It's frightful but I promise not to put up anymore until I read the instructions for the scanner, which I've had for 4 years and not opened the instruction book or taken the virtual tour. It's on my list to do.
But this belongs to one of those great bonding moments of family life. The final farewell to the outdoor dunny. The sewerage pipes had already gone through along the fence which is why the OD looks a bit respectable in 1967. We were the last in the street to be connected and we didn't have much choice since they threatened to sue us. I don't know where Dad got the money from but he got it.
If we get into the Wayback Machine for 15 years, the picture would look a lot different. No houses behind the fence and in front of the fence 3 huge willow trees trying valiently to soak up drainage water from every other house in the street, ours being the lowland. The race horse lived here for a time. Never a need for laxettes when a huge horse decides to open the door and say hello. There was a fence right alongside the OD to keep him in, insert horse laugh here, the beast would simply lie down and roll under it and one night managed to jump the front fence, the only hurdle he ever went over and trotted back to his former stable.
Back to the OD. Spiders on the rafters, under the seat fighting with earwigs, snails walking under the door. A log of wood by the seat, bang three times to drop the wildlife to the ground and hope you were finished by the time they made it back home. That path in front in 1967, was made of bricks dug firmly in, back in the days it was wooden blocks which floated all over the yard whenever we had a storm. Don't forget this was a quarter acre block and the OD was way down the yard. It amazes me now that father would lock up the house to keep us safe but let us walk to this hell hole in the pitch black while he went back to bed.
Now the little fence at the front usually had some vine growing to hide the door as the neighbourhood grew around us. There was another fence at the side to hide it from the house and it was as high as possible. Mum would grow green beans or sweet peas in order to gentrify the fibro sheeting. It's almost impossible to see but high up on the left hand corner is a patch over the fibro. Sister was a gymnast and the only flat beam to practise on was the top of this fence and we're talking some 6 or more feet off the ground but every afternoon she'd be up there balancing and jumping. This was fine except for the day she slipped and one foot went through the wall and one foot stayed on the fence. My father standing there, with hands in pockets and smile on face said, "That was a good move. How do you get down?". We boarded the hole up since too much moonlight coming in at night had a tendency to show up the spiders.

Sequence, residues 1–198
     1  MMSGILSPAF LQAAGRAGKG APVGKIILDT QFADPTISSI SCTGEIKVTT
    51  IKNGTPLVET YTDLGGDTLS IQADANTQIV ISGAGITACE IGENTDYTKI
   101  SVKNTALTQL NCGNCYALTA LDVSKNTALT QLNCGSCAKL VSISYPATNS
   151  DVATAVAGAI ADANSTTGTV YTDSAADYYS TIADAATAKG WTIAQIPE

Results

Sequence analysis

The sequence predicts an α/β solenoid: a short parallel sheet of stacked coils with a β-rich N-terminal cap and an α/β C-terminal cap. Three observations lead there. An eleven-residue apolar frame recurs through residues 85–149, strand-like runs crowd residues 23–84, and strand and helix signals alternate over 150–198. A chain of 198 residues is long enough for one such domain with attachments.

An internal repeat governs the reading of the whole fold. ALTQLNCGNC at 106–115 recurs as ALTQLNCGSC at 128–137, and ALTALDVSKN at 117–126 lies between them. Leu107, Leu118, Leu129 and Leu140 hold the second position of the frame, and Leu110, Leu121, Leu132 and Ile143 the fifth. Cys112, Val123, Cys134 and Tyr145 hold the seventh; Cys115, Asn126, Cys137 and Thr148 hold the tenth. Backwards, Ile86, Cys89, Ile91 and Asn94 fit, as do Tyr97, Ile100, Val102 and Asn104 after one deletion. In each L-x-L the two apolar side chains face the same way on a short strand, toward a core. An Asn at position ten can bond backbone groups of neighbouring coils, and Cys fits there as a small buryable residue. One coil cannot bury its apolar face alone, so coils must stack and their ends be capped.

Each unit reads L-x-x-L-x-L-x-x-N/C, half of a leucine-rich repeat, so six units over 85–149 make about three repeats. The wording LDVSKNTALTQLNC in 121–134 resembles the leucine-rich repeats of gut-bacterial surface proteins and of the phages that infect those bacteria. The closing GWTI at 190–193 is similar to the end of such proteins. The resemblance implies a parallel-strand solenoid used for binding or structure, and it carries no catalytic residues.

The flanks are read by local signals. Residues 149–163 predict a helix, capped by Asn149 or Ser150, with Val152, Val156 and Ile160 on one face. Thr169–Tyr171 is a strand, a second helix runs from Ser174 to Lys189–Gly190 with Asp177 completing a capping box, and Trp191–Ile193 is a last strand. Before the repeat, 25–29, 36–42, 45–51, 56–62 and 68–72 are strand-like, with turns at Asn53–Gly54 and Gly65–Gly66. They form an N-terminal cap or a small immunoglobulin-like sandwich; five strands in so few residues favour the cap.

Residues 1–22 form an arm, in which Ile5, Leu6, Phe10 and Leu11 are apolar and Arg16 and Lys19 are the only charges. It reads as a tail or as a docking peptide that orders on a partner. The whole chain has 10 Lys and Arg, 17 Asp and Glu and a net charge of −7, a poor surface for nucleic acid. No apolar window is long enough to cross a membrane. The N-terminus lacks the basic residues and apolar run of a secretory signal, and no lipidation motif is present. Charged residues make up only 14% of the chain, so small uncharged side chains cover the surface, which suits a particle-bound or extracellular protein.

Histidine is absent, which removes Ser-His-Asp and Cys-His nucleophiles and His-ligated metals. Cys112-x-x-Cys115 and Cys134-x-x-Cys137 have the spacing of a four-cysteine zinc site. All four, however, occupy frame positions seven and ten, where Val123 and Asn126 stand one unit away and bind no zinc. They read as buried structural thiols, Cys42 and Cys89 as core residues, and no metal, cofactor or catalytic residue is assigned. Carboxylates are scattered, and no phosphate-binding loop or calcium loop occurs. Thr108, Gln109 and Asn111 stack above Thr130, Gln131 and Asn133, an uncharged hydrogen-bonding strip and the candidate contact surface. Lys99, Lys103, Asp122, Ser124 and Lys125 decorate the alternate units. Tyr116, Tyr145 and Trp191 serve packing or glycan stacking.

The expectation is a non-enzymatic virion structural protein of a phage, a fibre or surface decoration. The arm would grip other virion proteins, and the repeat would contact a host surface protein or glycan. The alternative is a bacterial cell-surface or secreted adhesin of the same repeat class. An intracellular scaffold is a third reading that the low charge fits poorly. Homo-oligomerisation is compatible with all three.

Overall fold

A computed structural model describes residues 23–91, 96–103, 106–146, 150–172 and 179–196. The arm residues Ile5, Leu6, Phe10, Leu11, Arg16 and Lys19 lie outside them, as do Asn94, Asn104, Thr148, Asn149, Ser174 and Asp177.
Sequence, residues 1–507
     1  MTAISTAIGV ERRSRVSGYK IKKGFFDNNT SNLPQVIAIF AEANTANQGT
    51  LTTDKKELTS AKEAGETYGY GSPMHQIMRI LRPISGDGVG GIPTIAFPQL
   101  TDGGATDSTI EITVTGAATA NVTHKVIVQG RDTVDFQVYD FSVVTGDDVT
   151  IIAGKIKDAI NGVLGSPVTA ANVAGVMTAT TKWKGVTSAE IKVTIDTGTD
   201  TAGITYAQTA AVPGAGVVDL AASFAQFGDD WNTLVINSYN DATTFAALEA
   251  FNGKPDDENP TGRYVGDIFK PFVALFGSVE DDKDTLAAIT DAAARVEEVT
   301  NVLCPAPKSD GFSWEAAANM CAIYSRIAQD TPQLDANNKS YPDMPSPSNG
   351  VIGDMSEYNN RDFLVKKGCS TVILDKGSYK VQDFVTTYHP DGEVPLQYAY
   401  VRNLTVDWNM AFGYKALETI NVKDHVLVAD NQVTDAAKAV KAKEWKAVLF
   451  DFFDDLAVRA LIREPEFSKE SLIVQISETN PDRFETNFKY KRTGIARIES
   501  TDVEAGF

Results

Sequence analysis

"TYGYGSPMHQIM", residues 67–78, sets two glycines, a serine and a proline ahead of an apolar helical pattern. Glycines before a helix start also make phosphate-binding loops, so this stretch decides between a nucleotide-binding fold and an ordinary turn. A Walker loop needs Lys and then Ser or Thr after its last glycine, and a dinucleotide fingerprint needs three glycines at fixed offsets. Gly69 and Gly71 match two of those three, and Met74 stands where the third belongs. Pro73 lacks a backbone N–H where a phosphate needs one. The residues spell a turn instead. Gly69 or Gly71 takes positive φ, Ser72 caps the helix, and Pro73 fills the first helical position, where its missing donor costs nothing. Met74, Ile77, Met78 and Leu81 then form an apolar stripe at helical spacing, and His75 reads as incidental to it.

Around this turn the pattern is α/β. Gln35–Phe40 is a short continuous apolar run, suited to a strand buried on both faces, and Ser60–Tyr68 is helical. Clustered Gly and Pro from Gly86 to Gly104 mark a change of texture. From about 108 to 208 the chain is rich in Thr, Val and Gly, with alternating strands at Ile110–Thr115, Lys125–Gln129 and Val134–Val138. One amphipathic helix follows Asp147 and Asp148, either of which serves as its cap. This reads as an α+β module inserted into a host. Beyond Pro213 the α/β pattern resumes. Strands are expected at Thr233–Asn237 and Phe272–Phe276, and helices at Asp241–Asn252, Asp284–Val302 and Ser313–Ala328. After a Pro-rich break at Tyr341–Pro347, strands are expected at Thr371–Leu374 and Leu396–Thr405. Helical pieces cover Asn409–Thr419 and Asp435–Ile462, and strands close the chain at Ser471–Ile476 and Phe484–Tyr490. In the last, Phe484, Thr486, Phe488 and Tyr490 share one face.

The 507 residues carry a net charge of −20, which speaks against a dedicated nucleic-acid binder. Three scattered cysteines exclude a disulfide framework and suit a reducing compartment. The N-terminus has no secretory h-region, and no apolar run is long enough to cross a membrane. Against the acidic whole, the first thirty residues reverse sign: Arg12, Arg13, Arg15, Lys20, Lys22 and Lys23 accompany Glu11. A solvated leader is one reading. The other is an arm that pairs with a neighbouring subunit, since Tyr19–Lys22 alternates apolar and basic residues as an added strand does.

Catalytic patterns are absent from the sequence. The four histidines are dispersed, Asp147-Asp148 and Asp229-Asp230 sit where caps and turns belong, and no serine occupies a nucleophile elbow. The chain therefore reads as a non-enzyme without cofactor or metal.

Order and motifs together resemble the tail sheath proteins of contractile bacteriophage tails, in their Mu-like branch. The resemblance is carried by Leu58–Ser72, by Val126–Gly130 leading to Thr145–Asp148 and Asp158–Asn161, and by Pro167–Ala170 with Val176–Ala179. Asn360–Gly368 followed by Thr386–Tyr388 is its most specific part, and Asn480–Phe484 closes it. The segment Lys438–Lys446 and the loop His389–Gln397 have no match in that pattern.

This was always a dilemma, go in blind and trust or strike a match to see where they were and how many.
Then there was the dunnyman or maybe he deserves capitals, DunnyMan. Many a time we would be standing at the bus stop waiting for the school bus only to see bus and noxious cart come round the corner together and race neck and neck to our stop. The prayers we prayed that the bus would get to us first. Even worse was having one late and the other early and the whole bus would watch with interest as DM, flat hat and spills would trot out with the can.
Let us not forget the creeping out at midnight during holidays so father could dig a hole behind the OD and empty the can before any embarrassing bum contact with contents happened. He got round this by meeting the DM at the pub and exchanging notes ensured a double visit during holidays.
So comes the great day when we are to be connected. We should have had a red ribbon to be cut. Father says there's not enough room in the bathroom and that's opposite the front door so in his own 'Castle' moment, he decides to build a toilet room on the side of the house. Concrete patio, a roof to the door, two windows, a hand basin, full length mirror, carpet, wallpaper and a porcelain throne with a flip up seat. He stopped Mum from going over the top with a small chandelier but gave in after two cheap plastic light covers melted and fell on his head. A pretty glass one went up.
We supervised every inch of the building. We'd gather round the door each night to see how much longer we'd have to wait. The trek down the back became longer and I was sure I'd die of spider bite before entering the holy of holies. As the last curtain went up and the seat came down, Buckingham Palace couldn't have compared with our new toilet, that is toilet, dunny was never to be heard again.